Classwide self-monitoring interventions are effective approaches that can be modified to fit most classrooms, as they do not take much of the teacher’s time or attention, they improve students’ skills, and they increase students’ feelings of responsibility for their own actions. Through classwide self-monitoring, students are trained to recognize their own behaviors and compare them to the rest of the class. This intervention follows the behavioral principle that the very act of paying attention to one’s own behavior and comparing it to a norm has the potential to change behavior.
PHASE 1 – PREP
In order to get started with group self-monitoring, first decide how to modify the basics of the intervention, as it is recommended that they be adjusted to fit the needs and skills of the class.
- Define target classroom behaviors. Choose 3 positively-framed, simple to remember guidelines for students to follow.
- Schedule the intervention time. This intervention is designed to be implemented during one portion of the day, such as a specific class period.
- Become familiar with the rating scale. Performance will be classified into 5 categories: Excellent, Very Good, Average, Below Average, and Totally Unacceptable.
- Select suitable class rewards. For the first few days of the intervention (Phase 2), all students will be rewarded if the teacher determines that they earned 4 or 5 points. Rewards may be free time, popcorn, etc. The third phase will include more long-term rewards, such as extra time on the playground or a class party.
PHASE 2 – ROLL-OUT
After having customized the areas described above, begin teaching the students the intervention. Give students a copy of the Classroom Behavior/Student Self-Rating Form, which can be found at Intervention Central. After introducing the classroom behaviors to be monitored, describe the rating scale, then review and begin the teacher-rating process.
- Monitor the entire class’ behavior during a pre-scheduled time
- Assign a class rating on the scale of 1 to 5, making sure to teach and model what acceptable behaviors look like
- Reward the entire class if they earn a 4 or 5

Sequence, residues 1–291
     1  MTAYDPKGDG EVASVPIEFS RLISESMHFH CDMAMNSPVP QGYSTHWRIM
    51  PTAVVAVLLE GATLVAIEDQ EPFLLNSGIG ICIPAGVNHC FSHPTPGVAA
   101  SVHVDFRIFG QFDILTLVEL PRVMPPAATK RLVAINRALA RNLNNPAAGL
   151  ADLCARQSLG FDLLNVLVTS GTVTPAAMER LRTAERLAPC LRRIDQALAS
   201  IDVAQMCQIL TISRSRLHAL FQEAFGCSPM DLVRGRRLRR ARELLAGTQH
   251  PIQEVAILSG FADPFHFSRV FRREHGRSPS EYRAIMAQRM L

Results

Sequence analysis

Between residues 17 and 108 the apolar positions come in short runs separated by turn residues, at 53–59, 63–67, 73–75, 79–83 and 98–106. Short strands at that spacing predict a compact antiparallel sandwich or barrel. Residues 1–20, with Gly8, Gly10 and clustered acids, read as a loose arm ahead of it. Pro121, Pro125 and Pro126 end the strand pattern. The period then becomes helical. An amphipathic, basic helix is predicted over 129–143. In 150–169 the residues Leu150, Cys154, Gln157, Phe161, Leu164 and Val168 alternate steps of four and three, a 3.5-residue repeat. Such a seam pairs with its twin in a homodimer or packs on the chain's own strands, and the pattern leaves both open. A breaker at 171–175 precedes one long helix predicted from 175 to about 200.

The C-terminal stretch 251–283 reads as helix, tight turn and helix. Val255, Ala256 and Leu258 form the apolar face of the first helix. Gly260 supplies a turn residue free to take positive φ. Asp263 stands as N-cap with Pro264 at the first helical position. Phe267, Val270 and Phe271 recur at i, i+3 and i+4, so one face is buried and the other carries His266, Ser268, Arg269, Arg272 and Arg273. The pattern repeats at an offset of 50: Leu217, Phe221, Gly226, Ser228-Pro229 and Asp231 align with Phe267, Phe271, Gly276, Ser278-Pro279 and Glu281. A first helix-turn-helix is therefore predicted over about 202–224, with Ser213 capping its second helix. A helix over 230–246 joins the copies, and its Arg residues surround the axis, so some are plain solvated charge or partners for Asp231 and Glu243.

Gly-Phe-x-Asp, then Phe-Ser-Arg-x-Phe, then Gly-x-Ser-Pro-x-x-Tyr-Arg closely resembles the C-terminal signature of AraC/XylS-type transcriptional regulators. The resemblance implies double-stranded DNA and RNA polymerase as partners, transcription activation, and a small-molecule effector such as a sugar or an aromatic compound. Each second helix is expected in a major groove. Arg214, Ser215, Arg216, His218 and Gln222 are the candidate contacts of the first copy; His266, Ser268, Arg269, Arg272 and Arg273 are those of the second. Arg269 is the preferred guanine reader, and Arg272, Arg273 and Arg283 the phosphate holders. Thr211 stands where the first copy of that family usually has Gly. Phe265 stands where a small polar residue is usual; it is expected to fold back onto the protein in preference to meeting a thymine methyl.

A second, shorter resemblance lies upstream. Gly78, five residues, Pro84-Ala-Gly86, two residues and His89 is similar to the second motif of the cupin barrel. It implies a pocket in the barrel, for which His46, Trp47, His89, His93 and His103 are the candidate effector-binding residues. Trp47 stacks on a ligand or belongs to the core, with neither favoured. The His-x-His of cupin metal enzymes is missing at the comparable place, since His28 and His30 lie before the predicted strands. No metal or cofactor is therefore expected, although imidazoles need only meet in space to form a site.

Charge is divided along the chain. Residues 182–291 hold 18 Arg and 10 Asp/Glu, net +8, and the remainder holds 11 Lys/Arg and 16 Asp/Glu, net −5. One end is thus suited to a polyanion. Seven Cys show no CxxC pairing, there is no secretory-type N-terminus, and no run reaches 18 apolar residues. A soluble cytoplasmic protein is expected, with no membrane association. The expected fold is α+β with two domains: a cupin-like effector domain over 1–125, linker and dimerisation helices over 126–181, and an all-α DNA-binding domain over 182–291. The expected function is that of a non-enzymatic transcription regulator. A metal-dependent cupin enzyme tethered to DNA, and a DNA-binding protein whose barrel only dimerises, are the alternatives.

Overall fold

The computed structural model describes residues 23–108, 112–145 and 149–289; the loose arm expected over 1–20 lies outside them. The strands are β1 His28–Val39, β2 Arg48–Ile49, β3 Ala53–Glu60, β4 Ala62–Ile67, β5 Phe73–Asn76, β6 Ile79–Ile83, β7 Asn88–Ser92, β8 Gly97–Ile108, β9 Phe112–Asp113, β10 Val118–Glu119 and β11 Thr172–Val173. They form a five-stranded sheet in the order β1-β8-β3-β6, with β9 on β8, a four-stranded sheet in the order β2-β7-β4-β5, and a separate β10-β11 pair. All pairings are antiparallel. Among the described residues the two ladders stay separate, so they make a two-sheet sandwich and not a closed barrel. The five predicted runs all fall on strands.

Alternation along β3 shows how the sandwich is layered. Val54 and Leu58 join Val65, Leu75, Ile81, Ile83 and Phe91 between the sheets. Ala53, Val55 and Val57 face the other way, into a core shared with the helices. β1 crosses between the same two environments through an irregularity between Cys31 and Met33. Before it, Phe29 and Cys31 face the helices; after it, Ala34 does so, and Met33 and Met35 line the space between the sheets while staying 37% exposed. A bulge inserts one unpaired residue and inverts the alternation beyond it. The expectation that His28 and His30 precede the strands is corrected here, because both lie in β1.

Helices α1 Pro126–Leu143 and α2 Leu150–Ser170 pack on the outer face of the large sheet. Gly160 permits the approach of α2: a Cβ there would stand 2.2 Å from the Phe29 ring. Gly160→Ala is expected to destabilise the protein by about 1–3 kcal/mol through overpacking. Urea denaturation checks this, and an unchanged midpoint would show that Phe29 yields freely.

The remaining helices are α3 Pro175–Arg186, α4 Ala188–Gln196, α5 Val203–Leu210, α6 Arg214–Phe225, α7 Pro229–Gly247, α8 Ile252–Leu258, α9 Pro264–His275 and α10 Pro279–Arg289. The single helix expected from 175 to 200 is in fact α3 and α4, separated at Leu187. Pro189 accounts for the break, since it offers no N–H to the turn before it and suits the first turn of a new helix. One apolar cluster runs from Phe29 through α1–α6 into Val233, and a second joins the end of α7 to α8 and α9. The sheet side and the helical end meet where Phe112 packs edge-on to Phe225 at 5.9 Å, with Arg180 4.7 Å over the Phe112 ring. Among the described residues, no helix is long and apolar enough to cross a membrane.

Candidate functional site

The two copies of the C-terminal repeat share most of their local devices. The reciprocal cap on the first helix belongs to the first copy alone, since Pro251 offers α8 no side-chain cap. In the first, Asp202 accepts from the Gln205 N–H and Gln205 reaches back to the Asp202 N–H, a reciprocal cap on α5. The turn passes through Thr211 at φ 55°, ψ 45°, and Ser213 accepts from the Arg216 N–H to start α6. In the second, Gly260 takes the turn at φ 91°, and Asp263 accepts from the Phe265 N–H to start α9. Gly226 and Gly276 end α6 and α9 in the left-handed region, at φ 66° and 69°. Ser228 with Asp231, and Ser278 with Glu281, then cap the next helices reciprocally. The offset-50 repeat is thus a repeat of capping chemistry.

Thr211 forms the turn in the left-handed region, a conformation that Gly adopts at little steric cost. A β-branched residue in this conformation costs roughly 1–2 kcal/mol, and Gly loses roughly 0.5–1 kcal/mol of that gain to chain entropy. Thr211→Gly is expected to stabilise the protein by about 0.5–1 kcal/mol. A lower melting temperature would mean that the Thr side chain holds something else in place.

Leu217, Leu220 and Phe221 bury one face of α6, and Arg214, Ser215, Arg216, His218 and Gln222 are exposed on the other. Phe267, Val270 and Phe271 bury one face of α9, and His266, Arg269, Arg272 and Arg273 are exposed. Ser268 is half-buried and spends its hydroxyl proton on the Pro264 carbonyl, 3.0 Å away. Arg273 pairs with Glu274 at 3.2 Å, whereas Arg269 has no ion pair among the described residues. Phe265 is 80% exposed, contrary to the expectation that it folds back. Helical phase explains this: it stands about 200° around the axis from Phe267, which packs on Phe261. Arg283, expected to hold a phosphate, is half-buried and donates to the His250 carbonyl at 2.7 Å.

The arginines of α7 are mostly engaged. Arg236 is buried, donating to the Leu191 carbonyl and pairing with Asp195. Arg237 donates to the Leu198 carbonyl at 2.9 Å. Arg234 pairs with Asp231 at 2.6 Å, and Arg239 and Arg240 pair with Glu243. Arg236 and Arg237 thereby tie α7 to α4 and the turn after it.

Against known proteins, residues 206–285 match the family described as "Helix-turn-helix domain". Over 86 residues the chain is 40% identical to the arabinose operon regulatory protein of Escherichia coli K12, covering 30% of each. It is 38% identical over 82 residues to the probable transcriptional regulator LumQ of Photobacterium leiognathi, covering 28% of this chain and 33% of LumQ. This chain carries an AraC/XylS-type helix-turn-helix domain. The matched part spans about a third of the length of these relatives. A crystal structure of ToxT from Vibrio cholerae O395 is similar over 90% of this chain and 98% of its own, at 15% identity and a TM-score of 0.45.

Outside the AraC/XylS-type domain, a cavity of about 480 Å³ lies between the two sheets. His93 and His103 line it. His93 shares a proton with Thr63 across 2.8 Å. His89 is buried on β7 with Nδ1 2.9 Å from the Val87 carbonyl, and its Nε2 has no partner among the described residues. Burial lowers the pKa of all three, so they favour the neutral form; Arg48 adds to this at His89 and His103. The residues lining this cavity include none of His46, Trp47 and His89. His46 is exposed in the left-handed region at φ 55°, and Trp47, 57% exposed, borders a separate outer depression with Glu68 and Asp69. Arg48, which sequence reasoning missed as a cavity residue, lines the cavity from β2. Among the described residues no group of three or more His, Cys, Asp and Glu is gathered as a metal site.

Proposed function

PHASE 3 – BEGIN STUDENT SELF-MONITORING
After about a week of teacher-led monitoring, turn the activity over to the students. Now that the students know what behaviors look like at each point on the rating scale, they will be able to track their own behaviors and compare them to the class’ behaviors.
- Prompt the students to monitor their own behaviors on the rating form at the end of each designated class period. They are to measure their own behaviors and the whole class’ behaviors.
- Determine the whole class’ behavior rating. Randomly select one of the target behaviors and survey the class by a show of hands to find out what number they rated the whole class’ behaviors. Use this information to determine a majority rating.
- Calculate daily points earned by the class. Give your own, teacher rating for the whole class. Then, calculate points to reward similarity between student and teacher ratings of the whole class as follows:
- The majority rating number plus 1 bonus point if the teacher rating matches the majority rating;
- The majority rating number if the teacher’s number is divergent by 1 point;
- No points if the majority rating and teacher rating diverge by 2 or more points.
- Plot cumulative points and dispense rewards. Have the class work toward earning their reward. Show points class has accumulated on a graph displayed publicly in the room, so that students are aware of their progress toward reaching their class’ reward.
For more information about this intervention, visit Intervention Central.